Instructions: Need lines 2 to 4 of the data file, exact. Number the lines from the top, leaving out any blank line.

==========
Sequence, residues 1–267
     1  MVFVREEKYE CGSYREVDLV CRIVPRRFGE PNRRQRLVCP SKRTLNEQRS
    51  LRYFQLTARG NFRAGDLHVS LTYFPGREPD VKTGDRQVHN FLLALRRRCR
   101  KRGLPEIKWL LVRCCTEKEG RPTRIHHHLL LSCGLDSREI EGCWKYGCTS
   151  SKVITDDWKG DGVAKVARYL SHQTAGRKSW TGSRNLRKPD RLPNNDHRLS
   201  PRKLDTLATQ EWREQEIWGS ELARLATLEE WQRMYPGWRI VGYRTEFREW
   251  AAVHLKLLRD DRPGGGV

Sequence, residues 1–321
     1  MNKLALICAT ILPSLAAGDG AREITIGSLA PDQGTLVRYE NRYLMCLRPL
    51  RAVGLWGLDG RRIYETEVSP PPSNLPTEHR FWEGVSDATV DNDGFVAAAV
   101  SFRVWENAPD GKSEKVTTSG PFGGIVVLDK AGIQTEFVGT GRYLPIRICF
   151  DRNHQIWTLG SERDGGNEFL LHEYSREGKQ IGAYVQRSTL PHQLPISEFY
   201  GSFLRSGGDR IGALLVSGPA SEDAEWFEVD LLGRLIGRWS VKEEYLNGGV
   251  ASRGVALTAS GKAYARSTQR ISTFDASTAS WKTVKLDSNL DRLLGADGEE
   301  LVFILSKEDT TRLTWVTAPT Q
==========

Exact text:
     1  MVFVREEKYE CGSYREVDLV CRIVPRRFGE PNRRQRLVCP SKRTLNEQRS
    51  LRYFQLTARG NFRAGDLHVS LTYFPGREPD VKTGDRQVHN FLLALRRRCR
   101  KRGLPEIKWL LVRCCTEKEG RPTRIHHHLL LSCGLDSREI EGCWKYGCTS